Dr Christine S.M. Currie
University of Southampton
+44 (0)23 8059 3647
Output Analysis Tutorial The slides and Excel files used in this tutorial, which was presented at the Winter Simulation Conference 2013, are available for download
here. The paper will soon be available on the Winter Simulation Conference website.
Seminar on Simulation in Revenue Management at RMAPI The slides that were presented at the Revenue Management and Pricing International conference in November 2014 are available for download
Seminar on Parameter Estimation at Warwick Business School The slides that were presented at Warwich Business School in November 2014 are available for download
FineMixFineMix is a program developed by Russell Cheng and Christine Currie for fitting finite mixture models to multimodal data. It is written in C, with an Excel interface. The zip file contains all of the files that you need to get started using it, including instructions.
Arrows Classification ProgramThis
is the program, written in Visual Basic for Applications, with an Excel
front end, developed by Lanting Lu, which can be used to classify data
sets into groups, such that no group contains two sets of data that are
significantly different from each other.
My research interests include
- Revenue Management
- Disease modelling, especially of tuberculosis and HIV
- Application of Bayesian methods to uncertainty analysis of
- Mixture models
- Simulation optimisation
Current PhD Students
Yalin Bi - competition in revenue management
Fei Fang - Joint pricing and ordering decisions for competitive perishable products
Mushota Kabaso - modelling provision of antiretroviral therapy in Zambia
Gerhart Knerer - modelling dengue fever
Shu Pan - stochastic modelling of time between machine breakdowns on a production line
David Yang - automated experimental design for simulation modelling, with Ford motor company
Completed PhD StudentsLanting Lu - modelling breakdown times of machines on an assembly line,
with Ford motor company. (2009)
Georgie Mellor - simulation modelling of tuberculosis in areas with
high HIV prevalence. (2007)
I completed a PhD in Operational Research at the University
of Southampton in 2004 and started work as a lecturer in the
Research group. I was promoted to Associate Professor in March 2014. My research focuses on stochastic modelling, with two main application areas: Revenue Management and simulation modelling, principally of infectious diseases. My main interest in methodology is in finding parameter values for stochastic models.
My interest in Revenue Management started with a project where I was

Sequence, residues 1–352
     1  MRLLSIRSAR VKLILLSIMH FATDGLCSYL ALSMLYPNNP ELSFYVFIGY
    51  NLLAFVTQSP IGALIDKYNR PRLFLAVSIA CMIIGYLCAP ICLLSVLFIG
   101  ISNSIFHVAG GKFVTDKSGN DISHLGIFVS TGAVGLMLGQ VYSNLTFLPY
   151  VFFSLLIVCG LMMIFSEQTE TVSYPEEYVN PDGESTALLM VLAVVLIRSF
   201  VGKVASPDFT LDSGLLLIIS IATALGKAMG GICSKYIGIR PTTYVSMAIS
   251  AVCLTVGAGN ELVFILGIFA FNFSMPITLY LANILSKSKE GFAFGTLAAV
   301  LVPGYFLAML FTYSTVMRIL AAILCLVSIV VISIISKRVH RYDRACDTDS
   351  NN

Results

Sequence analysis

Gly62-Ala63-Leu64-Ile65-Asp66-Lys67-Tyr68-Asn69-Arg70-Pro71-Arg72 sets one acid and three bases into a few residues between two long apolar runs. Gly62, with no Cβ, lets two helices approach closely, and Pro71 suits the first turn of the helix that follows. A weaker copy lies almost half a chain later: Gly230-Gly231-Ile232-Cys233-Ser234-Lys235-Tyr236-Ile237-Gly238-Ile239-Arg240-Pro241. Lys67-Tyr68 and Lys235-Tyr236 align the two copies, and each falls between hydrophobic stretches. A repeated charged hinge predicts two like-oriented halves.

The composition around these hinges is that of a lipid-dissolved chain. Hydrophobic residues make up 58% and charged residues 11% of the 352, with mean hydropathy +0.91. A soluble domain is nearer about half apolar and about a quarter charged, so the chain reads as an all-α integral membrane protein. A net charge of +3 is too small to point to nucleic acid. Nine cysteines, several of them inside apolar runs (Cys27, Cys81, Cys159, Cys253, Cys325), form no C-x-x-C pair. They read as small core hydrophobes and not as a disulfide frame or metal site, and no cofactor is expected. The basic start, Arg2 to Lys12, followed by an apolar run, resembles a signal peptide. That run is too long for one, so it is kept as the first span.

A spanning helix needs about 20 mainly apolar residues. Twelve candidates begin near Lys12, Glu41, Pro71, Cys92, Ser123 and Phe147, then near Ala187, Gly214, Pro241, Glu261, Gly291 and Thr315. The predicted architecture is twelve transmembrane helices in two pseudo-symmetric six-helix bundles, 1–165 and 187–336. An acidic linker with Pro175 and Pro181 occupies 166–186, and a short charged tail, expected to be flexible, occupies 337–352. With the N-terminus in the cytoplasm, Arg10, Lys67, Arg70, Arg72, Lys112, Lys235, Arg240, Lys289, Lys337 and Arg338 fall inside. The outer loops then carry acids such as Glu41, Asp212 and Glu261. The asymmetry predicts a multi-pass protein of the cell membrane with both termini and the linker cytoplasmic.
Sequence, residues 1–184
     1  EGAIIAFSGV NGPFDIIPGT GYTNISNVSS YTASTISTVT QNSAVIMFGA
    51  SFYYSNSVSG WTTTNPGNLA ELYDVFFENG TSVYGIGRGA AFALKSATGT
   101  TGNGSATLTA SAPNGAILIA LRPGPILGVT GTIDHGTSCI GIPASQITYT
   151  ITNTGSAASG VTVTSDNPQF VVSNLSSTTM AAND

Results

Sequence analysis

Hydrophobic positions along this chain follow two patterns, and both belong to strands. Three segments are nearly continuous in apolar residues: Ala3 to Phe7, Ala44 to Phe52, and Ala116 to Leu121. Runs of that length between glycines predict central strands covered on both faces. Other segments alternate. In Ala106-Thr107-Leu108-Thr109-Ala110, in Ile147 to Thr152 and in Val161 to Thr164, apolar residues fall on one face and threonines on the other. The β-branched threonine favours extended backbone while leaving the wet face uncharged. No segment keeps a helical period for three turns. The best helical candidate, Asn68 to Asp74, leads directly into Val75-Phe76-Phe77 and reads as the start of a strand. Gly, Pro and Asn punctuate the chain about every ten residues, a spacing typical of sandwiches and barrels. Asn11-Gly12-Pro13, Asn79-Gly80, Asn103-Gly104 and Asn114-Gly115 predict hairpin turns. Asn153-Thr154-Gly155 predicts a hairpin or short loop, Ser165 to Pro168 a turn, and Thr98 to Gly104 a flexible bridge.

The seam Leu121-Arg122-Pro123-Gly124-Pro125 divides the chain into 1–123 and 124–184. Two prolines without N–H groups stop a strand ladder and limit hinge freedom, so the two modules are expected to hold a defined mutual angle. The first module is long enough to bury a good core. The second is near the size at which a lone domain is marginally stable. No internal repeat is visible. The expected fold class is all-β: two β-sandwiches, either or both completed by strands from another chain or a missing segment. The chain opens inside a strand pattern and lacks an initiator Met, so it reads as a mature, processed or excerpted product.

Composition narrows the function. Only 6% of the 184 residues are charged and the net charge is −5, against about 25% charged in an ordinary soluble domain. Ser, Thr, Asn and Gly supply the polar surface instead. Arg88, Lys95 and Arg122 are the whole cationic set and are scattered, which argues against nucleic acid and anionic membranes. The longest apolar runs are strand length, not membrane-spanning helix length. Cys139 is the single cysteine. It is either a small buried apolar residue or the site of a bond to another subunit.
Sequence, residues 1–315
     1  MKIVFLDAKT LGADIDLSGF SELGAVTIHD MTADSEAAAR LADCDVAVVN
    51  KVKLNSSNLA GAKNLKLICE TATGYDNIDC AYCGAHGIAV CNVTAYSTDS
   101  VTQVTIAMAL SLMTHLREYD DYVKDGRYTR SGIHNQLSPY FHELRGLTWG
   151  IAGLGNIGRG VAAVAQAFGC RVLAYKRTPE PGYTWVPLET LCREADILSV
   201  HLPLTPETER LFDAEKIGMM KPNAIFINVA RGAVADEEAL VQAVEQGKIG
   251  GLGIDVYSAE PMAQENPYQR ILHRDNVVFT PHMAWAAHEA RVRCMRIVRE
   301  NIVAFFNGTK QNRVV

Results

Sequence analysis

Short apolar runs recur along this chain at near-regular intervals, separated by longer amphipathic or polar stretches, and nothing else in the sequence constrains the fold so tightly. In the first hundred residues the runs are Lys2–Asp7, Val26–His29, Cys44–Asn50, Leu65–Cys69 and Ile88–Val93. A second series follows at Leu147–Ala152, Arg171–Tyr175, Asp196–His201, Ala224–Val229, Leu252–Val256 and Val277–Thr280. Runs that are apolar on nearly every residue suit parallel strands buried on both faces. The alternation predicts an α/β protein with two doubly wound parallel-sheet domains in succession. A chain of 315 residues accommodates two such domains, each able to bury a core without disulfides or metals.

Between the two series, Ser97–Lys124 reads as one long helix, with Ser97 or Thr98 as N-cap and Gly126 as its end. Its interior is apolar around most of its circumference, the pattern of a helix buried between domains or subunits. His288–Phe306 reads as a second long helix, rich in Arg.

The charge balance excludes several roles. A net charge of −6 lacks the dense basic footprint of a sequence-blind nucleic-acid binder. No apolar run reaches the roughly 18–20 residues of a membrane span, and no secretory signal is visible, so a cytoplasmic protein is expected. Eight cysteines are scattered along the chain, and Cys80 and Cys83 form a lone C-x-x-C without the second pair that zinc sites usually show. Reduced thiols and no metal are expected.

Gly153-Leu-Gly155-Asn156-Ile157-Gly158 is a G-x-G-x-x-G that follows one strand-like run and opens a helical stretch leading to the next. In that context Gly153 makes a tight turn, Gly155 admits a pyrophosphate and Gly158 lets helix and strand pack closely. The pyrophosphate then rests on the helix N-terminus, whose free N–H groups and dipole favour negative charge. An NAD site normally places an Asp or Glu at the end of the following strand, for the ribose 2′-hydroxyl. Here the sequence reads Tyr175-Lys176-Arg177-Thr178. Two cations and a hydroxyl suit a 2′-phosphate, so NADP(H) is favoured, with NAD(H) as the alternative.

working with the airline bmi.
extended the working during the latter
part of 2005 to consider the effect of competition on pricing of
airline tickets. Since then I have worked on revenue management
projects with a private
healthcare company and another major UK airline and optimal pricing has
become one of my major areas of interest. Recent work has included short projects with a major online retailer optimising delivery charges; and a large media company, investigating the price elasticity of advertising space.
My work in health care mainly concentrates on modelling of infectious diseases, including tuberculosis, HIV and most recently, dengue fever. In 2006 I extended much of the work that I
during my PhD and carried out some new projects, most notably one with Liz Corbett (LSHTM)
using modelling to determine the impact of a reduced duration of
infectiousness for TB among HIV-positives. This work was
extended further as part of Georgie Mellor's PhD project to build
a stochastic model of TB in a high
setting, focused on Harare, Zimbabwe. I have also carried out some recent work into the global pattern of TB disease with Katy Hoad of Warwick Business School.
I began my academic life as a physicist, obtaining first class honours
from Jesus College, University of Oxford in 2000. Wanting to see
more real-world action, I then
proceeded to the School of
Mathematics at the University of Southampton
to study for an MSc
in Operational Research. I spent
the summer of 2001 in Geneva, working on a project for the Stop-TB
department of the World Health
Organization. The project won the
OR Society's prize for the best
MSc project in the UK and helped me to
gain a distinction in the MSc. Continuing this project, my PhD was then
partly sponsored by the Stop-TB department of the World
Health Organization and supervised by Professor Russell Cheng.
PublicationsAn up-to-date list of publications is included on
my official university home page.